Fifth vessel for skipper
Keen to further improve fuel efficiency, service speed and sea keeping from the existing vessel, an early study concluded that a longer vessel, free from the constraints of registered length, would probably be required. At this point the Wolfson Unit, based in Southampton UK, was contracted to complete an initial trial using CFD technology to assess the differences in calm water hull resistance between the existing model and a new longer concept model.
As expected, the data showed that a significant reduction in hull resistance could be achieved with a longer hull form, however, the computational based analysis could not assess the differences in sea keeping qualities. Over to the Solent University Towing Tank facility for scale model towing tests at a range of speeds in both calm water and head seas with wave properties reflecting those found in the north Atlantic where the owner typically operates; conclusively proving that the longer hull experienced considerably less pitching motions along with lower bow impact from wave force.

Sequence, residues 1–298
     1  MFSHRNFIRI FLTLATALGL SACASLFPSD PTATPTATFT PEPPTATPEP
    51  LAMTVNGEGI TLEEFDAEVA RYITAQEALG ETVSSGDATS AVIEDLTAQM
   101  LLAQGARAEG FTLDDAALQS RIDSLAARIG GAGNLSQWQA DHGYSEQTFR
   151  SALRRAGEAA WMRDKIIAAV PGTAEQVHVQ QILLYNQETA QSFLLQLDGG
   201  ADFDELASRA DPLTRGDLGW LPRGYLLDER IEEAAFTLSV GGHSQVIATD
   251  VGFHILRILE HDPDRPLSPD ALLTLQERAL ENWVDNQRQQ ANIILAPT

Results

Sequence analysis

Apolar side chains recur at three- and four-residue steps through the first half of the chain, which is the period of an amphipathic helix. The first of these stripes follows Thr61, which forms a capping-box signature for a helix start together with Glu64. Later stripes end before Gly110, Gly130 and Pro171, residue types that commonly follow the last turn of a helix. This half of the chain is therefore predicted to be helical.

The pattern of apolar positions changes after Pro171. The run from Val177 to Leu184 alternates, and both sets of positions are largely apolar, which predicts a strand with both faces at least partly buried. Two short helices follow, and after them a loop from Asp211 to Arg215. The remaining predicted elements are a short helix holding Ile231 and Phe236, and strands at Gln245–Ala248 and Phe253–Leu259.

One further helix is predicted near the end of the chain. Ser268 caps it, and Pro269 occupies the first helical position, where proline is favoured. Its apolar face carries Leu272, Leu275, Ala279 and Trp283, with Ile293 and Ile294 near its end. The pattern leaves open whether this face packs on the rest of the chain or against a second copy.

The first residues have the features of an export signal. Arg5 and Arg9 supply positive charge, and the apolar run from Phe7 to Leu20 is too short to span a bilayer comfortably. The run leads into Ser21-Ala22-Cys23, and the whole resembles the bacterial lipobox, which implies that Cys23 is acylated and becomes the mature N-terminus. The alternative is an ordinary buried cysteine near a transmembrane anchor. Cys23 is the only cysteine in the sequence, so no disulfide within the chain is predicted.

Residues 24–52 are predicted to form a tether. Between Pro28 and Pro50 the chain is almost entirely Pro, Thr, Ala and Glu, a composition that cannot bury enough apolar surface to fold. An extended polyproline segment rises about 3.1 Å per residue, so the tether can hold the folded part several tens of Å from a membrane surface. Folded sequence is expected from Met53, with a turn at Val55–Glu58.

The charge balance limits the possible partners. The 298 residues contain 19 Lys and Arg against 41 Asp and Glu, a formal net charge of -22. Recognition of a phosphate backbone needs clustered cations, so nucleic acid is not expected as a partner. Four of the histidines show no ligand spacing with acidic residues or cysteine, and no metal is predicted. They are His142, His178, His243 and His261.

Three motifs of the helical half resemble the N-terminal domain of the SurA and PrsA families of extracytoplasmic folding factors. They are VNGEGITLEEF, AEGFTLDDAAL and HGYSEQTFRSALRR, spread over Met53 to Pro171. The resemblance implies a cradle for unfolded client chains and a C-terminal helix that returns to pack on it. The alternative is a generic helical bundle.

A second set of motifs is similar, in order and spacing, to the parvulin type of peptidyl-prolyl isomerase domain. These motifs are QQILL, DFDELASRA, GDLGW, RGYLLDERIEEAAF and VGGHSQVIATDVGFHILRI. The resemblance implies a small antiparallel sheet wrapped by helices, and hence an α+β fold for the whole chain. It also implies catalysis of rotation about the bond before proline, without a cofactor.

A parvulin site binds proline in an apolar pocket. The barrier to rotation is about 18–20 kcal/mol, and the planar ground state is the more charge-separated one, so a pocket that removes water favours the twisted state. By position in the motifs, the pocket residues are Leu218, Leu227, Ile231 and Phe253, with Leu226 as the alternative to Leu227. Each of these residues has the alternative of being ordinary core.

With the research complete, one final review saw the hull lengthened by a further metre to seek further improvements in hull efficiency as well as affording a little more space within the vessel. With the hull lines faired and stability assessed the construction plans were then drawn up and submitted to Bureau Veritas classification for approval along with the outfitting and engineering drawings.
Finomar Shipyard based in Szezcin, Poland were sub-contracted to fabricate the hull and wheelhouse which upon completion was towed to Macduff for full outfitting to MCA and BV regulations. Sea and fishing trials were conducted in the Moray Firth before the vessel was signed over to the new owners who departed their maiden trip, fishing off the west coast of Scotland. Early indications are that the hull is performing as anticipated with increased speed, reduced fuel consumption and improved sea keeping evident.